The human brain performs millions of processes every single day. While the eyes do a good job of sending signals to the brain, a busy brain may miss important ones. Inattentional blindness occurs when a person fails to see something that is directly in front of him or her. This phenomenon is often more common in both young and elderly drivers.
If a driver has inattentional blindness, he or she may inadvertently collide with a pedestrian, causing significant injuries or death. Therefore, you may not be able to trust a motorist to see you, even if he or she is looking in your direction. To help minimize your injury risk, you may want to take the following steps.
Boost your visibility
Shiny and colorful objects are often easier to spot than their more subdued counterparts. With this fact in mind, you should consider wearing brightly colored clothing every time you walk. Adding some reflectors to your clothing may also help.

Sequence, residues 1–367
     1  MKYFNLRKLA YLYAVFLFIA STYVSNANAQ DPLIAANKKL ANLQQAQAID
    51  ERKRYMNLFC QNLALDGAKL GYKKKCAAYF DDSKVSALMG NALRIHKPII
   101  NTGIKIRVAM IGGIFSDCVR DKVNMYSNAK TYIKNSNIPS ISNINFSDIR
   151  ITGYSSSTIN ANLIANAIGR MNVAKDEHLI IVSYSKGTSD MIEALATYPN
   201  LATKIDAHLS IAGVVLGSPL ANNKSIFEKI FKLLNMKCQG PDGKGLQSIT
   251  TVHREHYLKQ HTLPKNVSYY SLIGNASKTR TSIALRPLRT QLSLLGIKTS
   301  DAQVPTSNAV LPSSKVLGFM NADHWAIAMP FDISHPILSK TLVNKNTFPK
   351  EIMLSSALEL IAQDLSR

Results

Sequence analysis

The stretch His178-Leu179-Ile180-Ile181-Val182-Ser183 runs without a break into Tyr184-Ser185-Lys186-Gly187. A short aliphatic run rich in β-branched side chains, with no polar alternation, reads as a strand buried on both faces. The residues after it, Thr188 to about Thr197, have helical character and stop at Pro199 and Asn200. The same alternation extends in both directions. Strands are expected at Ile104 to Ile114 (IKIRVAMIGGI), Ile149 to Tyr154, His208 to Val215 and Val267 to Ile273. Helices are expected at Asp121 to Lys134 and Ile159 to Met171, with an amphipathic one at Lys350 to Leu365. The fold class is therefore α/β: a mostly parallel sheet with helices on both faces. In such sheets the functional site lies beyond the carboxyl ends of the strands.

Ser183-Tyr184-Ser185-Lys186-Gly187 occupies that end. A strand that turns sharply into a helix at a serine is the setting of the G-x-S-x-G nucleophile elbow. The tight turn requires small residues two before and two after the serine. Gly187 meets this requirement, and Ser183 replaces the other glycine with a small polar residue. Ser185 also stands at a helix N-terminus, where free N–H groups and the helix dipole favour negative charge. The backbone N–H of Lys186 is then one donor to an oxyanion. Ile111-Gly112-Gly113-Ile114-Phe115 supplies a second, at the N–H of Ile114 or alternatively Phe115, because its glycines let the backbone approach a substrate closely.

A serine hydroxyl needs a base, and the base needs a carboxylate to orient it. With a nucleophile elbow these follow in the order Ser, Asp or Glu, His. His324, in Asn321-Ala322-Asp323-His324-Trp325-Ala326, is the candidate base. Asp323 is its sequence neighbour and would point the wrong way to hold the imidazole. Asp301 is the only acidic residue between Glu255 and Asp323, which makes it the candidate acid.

Make eye contact
Before crossing in front of an approaching vehicle, you should try to making eye contact with the driver. When you do, nod or wave and watch for a response. If the driver signals to you, you can probably trust that he or she has seen you.
Avoid busy areas
Inattentional blindness tends to happen in busy places with many mental stimuli. To stay safe, you may want to avoid busy areas. If you must walk in congested places, always use sidewalks or other designated paths. Also, commit to following pedestrian and traffic rules.
Pay attention to your surroundings
You are probably already aware of the risks of distracted driving. However, failing to pay attention when you are walking may also be dangerous. Try to minimize your distractions so you can monitor oncoming traffic and other walking hazards.
As a pedestrian, you do not want to be a surprise to drivers. While a motorist’s inattentional blindness may put your life at risk, you do not have to leave your personal safety to chance.